Of course, staying hydrated is always important. But by consciously drinking more water before, during, and after your Thanksgiving feast, you will be flushing out the excessive sodium some foods may contain that your body is not used to on a daily basis. This will help dodge the water retention and bloated feeling we get after large meals. Consuming a lot of water on this day will also help you keep fuller, preverting you from going back up for 3rds, or 4ths… meaning you will consume less food and calories overall.

4. Offer to bring a dish to share/eat.
Not only is it polite to offer to bring a dish to pass, it may also bring you some piece of mind knowing that there will be at least one thing that you know is “clean” and know exactly what is in the dish. If you are going to a “Friendsgiving” party, or your family’s Thanksgiving, bringing a dish to share that is healthy allows you to use this to your advantage. When it comes to the traditional thanksgiving foods; fried turkey (even deep fried nowadays) with gravy, mashed potatoes with butter, candied sweet potatoes that contain a stick of butter and a bag of brown sugar, the green bean casserole made with butter, flour, and half-and-half, cranberry sauce, and of course… the pecan and pumpkin pie for dessert….. it can be a struggle to find “healthy options.” Bringing a dish of your own is a great strategy and opportunity to make something healthy to pass, and well, something to fall back on and eat if all else fails. Fill up on the healthy dish you bring, then have some of the other foods you enjoy as well. This will allow you to most likely consume less overall calories of the unhealthy stuff since you brought your own dish to munch on. You can also show your friends and/or family that eating healthy can taste just as good, if not better, than the unhealthy foods, without the additional calories… it’s a win-win!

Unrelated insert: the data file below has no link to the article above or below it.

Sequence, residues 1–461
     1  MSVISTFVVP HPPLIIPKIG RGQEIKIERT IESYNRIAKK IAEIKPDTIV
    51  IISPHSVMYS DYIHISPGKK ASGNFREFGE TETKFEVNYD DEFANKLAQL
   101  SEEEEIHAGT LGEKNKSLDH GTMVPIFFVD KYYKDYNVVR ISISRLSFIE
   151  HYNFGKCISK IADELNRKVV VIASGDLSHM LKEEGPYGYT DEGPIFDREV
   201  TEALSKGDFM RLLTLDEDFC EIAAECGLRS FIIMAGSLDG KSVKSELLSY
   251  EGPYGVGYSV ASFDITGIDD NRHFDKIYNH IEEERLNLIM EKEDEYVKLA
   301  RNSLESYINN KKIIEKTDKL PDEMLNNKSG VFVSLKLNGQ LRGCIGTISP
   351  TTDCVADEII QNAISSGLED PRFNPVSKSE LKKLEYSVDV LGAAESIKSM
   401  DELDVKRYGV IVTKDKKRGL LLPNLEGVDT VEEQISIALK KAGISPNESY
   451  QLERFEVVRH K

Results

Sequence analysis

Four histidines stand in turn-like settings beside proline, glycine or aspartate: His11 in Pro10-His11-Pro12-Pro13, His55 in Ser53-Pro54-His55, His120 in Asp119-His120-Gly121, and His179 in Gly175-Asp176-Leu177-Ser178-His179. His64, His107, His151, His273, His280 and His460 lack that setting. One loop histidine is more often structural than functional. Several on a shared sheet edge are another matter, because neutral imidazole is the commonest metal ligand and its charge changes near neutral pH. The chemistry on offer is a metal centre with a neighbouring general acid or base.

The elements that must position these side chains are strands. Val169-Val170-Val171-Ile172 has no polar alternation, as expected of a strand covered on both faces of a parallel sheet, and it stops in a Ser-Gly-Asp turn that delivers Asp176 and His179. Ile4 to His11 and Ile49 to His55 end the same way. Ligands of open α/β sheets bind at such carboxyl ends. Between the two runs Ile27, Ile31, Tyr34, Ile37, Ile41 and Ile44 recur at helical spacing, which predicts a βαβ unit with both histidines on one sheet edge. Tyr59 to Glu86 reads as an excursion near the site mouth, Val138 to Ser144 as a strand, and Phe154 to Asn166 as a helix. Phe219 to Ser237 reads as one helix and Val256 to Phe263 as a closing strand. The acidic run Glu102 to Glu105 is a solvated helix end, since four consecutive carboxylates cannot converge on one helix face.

5. Strategize your meal.